Looking at the South Korea XI, the presence in it of Son is obviously the big story. Because his injury was facial, he should be able to get going more easily than had it been muscular. I’m also looking forward to seeing how Inbeom gets on – he plays for Olympiakos and at 26, should be hitting this competition at exactly the right time.
Cameroon will be rueing the chances they missed in the first half of that one. With Serbia then Brazil next, they’re in a lot of trouble.
Here’s one we made earlier:
Who expected Federico Valverde to get this good this fast? Not me, I must confess, but he arrives at this World Cup in frankly revolting form, which I guess is an interesting wrinkle of a mid-season tournament. I also fancy Darwin Nunez to do something here – though his touch and finishing can trend towards the avant-garde, he has the priceless ability to both make things happen and arrive on the scene as they’re happening, so tournament football should suit him. Otherwise, Facundo Pellistri, who’s struggled to get a game at either Man United or Alavés, starts, which makes sense: if you ‘re playing two strikers, you need at least one winger, and he has the ability to go either way.
Tangentially, to continue on an Atléti tip, Álvaro Morata scoring the seventh goal in a 7-0 win is one of my moments of the World Cup so far. I maintain my theory that Diego Simeone only bought him to ensure he maintained a suitable level of incandescence through every training session.
Taking a closer look at the teams, it’s worth noting that Ronaldo Araújo is unavailable for Uruguay. I doubt he’d have played – Godin and Gimenez are too well ensconced and know each other too well – but I’d bet he’s better than at least the former, much as enjoy his old skool, face-first style of defending.
Update following yesterday’s Yellow Car Dead Arm controversies: Green Car Hair Skriffle has been extremely warmly received by the youngest Harris. I’ve yet to try it on the middle Harris but you’ll be able to tell when I have by my eternal absence from blogs such as this.
Only 15 minutes of telly buildup before this one; pah. How do you squeeze in 42 “from the England camp” and 27 “from the Wales camp” reports into so little time? On which point, including today, we’ve only five quadruple-game Tetris days left. Make the most of them, people.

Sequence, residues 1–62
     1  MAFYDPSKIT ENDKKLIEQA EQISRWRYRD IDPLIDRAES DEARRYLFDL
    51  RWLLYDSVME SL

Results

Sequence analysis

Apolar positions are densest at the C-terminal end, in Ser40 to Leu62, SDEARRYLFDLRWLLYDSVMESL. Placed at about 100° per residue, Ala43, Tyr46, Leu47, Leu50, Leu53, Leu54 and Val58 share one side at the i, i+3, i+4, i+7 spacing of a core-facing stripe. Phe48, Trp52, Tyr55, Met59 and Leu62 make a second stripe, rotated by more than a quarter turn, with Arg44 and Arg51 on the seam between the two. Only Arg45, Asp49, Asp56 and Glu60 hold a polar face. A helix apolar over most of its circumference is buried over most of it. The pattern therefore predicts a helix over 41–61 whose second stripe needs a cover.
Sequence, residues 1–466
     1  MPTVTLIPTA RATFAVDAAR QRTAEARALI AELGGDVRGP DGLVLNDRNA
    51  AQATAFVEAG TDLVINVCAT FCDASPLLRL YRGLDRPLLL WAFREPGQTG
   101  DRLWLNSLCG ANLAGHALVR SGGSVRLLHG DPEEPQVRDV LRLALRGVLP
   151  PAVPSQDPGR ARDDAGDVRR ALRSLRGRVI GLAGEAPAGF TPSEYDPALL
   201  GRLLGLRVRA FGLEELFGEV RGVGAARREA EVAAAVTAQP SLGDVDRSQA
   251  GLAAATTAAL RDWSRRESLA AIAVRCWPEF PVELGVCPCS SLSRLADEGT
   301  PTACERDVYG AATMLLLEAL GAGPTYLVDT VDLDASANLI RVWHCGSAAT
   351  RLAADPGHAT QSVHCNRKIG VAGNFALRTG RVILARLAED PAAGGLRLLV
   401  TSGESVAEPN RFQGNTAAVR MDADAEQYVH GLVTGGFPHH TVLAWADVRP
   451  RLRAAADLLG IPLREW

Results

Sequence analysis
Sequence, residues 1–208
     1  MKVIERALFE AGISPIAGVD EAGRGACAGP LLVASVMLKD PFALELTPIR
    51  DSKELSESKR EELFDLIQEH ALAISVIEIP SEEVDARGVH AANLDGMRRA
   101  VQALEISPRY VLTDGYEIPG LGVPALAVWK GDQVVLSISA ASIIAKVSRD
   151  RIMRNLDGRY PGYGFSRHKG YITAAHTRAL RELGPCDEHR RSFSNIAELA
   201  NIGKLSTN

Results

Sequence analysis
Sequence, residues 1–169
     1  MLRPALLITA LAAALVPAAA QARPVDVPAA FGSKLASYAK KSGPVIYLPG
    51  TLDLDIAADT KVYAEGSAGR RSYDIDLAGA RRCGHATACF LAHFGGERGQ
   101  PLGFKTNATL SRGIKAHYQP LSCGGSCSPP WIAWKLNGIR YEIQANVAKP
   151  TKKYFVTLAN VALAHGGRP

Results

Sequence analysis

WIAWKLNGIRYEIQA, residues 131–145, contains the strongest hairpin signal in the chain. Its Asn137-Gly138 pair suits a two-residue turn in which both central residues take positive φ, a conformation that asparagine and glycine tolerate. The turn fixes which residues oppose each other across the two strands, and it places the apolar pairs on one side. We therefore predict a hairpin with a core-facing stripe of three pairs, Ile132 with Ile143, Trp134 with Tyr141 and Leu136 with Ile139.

Uruguay (4-4-2): Rochet; Cáceres, Godín, Giménez, Olivera; Valverde, Vecino, Bentancur, Pellistri; Núñez, Suárez. Subs: Muslera, Sosa, Coates, Varela, Viña, Rodríguez, Ugarte, Torreira, Canobbio, De La Cruz, Arrascaeta, Torres, Gómez, Cavani.
South Korea (4-3-3): Kim Seunggyu; Kim Mooonhwan, Kim Minjae, Kim Younggwon, Kim Jinsu; Jung Wooyoung, Hwang Inbeom, Lee Jaesung; Son Heungmin, Hwang Uijo, Na Sangho. Subs: Song Bumkeun, Jo Hyeonwoo, Yoon Jonggyu, Paik Seungho, Cho Guesung, Hwang Heechan, Son Junho, Hong Chul, Lee Kangin, Kwon Kyungwon, Kwon Changhoon, Kim Taehwan, Cho Yumin, Jeong Wooyeong, Song Minkyu.
Referee: Clément Turpin (France)
It’d take a particular kind of silliness to term as dark horses a country that has won the World Cup twice, made the last eight, the last 16 and the last four in the previous three tournaments, and been champions of South America 15 times. But Uruguay start this competition as outsiders, despite a pedigree rooted both in history and the contemporary.
Partly, that reflects the difficult of the group they’re in, but even so, the 40-1 at which they were available last evening is unreflective of a squad packed with class and wildness. Boasting José María Giménez at the back, Federico Valverde and Rodrigo Bentancur in midfield, with Darwin Núñez and Luis Suárez up front, Uruguay are absolutely not to be trifled with.
Nor, though are South Korea. Son Heung-min is fit – though perhaps not match fit – while Jeong Woo-Yeong’s Freiburg have made a fine start to the Bundesliga season. That gives them a decent goal-threat while, in midfield and defence, they’ve the solidity and security of players who’ve been together a long time.
Which to say that the Group of Death is go!
Kick-off: 4pm local, 1pm GMT